Presence of Mind

Getting to know our mind is vital, yet we converse with it constantly creating negative outcomes such as despondency or anxiety.

Rumination as a voice from our mind is often  ”Why didn’t I?” Why didn’t I stop myself from being foolish or saying the wrong thing? Here is what I should have done … but we cannot change what has been done or said.

Anticipation as a voice from our mind is often  “What if?”  What if this happens and I am ruined, never recover, will always be alone and many more awful outcomes? … but we cannot know or react to something that has not only not eventuated but is most likely not going to be the end result.

This never ending mind activity harms our equilibrium and creates moods or states that eventually shape our personality. What can we do?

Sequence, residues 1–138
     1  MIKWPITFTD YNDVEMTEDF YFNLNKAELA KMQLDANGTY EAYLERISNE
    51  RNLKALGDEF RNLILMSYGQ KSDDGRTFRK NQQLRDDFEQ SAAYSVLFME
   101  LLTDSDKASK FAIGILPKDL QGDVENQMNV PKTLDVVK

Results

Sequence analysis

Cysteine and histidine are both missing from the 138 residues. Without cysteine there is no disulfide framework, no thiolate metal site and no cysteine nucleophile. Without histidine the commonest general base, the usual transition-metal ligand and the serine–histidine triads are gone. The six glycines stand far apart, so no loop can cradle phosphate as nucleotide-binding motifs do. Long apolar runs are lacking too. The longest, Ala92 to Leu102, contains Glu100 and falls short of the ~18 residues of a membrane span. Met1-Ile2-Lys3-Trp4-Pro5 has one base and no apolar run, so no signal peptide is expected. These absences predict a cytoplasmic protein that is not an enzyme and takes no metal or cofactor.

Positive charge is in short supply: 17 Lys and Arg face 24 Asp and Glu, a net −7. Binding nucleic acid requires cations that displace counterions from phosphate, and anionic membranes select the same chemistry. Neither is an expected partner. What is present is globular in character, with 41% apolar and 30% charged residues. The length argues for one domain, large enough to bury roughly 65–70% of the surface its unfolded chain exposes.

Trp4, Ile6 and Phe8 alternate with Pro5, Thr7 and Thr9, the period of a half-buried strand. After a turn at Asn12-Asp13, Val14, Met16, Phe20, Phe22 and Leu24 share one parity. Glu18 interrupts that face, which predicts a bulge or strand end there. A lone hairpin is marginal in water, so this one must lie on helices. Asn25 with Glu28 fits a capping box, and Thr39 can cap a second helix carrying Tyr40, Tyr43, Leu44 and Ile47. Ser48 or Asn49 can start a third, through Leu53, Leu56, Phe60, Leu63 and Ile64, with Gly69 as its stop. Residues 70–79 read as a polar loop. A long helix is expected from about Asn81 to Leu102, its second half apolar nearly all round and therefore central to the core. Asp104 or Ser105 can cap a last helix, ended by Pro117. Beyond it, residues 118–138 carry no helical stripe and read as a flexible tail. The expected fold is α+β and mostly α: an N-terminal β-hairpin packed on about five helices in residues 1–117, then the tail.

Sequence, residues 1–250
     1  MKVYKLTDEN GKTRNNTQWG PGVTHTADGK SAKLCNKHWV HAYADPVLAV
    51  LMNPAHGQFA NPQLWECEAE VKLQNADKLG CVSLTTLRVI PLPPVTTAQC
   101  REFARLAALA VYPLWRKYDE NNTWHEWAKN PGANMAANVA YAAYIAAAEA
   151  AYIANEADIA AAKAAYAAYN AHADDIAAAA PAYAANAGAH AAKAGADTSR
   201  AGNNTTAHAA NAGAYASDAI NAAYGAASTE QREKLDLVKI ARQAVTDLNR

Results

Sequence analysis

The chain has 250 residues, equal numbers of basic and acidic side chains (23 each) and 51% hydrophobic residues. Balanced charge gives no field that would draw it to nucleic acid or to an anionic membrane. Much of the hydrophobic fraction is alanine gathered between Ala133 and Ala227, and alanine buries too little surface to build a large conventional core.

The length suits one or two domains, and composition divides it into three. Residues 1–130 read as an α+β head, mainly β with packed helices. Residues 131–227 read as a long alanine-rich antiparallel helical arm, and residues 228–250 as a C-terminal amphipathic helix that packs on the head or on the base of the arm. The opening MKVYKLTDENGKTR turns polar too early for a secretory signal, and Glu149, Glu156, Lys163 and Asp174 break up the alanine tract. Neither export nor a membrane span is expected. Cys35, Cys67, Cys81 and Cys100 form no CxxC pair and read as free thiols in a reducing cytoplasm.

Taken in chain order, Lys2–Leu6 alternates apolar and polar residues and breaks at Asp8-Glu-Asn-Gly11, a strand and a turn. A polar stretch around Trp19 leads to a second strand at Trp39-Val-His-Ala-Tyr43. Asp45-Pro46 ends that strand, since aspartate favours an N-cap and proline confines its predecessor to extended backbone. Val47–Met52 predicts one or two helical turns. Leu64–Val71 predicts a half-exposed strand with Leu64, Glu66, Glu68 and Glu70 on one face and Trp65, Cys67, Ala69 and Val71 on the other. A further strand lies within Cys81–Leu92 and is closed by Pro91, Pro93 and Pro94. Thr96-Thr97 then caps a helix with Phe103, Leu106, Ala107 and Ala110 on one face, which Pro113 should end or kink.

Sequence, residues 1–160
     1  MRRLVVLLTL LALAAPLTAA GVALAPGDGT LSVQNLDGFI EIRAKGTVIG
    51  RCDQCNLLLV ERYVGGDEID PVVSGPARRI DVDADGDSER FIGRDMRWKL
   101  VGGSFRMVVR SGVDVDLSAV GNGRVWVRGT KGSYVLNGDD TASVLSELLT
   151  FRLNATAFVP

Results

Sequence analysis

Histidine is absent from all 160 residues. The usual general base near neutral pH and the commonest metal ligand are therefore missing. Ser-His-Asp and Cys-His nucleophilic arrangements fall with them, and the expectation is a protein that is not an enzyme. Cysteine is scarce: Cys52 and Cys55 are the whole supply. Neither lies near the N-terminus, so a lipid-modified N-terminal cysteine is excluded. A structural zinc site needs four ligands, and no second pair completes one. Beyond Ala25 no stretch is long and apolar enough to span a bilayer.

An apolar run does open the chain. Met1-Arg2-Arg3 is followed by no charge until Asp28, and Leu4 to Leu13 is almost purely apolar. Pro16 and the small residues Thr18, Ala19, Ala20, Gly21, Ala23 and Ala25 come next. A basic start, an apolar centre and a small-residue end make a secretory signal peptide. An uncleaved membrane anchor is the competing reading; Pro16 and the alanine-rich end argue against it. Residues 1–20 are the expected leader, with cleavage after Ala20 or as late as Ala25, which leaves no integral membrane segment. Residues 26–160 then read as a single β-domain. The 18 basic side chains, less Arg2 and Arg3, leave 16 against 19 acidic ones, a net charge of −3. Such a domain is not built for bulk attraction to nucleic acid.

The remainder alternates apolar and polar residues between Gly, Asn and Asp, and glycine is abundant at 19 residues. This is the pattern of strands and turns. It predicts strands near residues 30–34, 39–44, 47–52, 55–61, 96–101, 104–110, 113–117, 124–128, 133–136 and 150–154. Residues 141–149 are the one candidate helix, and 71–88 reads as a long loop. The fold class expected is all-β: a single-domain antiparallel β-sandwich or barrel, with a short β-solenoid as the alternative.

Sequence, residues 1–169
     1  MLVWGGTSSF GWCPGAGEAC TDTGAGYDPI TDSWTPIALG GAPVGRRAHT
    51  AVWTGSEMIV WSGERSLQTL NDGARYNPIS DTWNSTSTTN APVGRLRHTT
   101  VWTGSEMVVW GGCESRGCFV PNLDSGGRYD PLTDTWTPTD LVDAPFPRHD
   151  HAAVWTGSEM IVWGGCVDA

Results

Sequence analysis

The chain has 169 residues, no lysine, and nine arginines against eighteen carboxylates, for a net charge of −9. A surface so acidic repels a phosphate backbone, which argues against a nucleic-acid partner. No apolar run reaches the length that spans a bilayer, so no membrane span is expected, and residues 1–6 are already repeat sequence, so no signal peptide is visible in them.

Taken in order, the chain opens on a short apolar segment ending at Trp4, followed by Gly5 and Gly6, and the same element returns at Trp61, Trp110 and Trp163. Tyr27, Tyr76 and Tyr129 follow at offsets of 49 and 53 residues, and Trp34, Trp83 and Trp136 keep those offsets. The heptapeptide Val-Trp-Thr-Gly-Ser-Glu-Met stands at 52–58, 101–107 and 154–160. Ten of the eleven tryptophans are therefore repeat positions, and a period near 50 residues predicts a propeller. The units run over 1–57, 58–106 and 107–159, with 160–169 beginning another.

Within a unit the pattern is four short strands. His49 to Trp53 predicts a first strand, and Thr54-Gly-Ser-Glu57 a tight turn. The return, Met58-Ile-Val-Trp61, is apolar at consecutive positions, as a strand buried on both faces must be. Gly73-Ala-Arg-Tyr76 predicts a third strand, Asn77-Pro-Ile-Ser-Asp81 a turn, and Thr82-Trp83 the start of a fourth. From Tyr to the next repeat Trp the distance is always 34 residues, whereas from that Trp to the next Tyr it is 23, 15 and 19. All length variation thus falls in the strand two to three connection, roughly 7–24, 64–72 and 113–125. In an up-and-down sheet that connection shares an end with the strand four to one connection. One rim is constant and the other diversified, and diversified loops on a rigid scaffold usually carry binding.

I’ve sure you’ve heard before to live in the present and make every moment count. Be mindful.

I agree, and when I do hear it I manage to be present for about 5 minutes before I go back to thinking about the past or the future. It can be a struggle to stay in the now, especially when you’re faced with challenges in life.

But there’s a reason why mindfulness has become so popular. It seems so simple to “just embrace the present moment”, but it is critical  to living a healthy and fulfilling life. It’s not fanciful either, this Harvard Study found that people who were more focused on tasks, rather than daydreaming, were happier.

This quote from Eckhart Tolle describes why present moment awareness can lead us from suffering:

“As soon as you honour the present moment, all unhappiness and struggle dissolve, and life begins to flow with joy and ease. When you act out the present-moment awareness, whatever you do becomes imbued with a sense of quality, care, and love—even the most simple action.”

In summary:

Rumination “Why didn’t I?”.

Anticipation “What if?”.

Remind yourself to be present each day.

 

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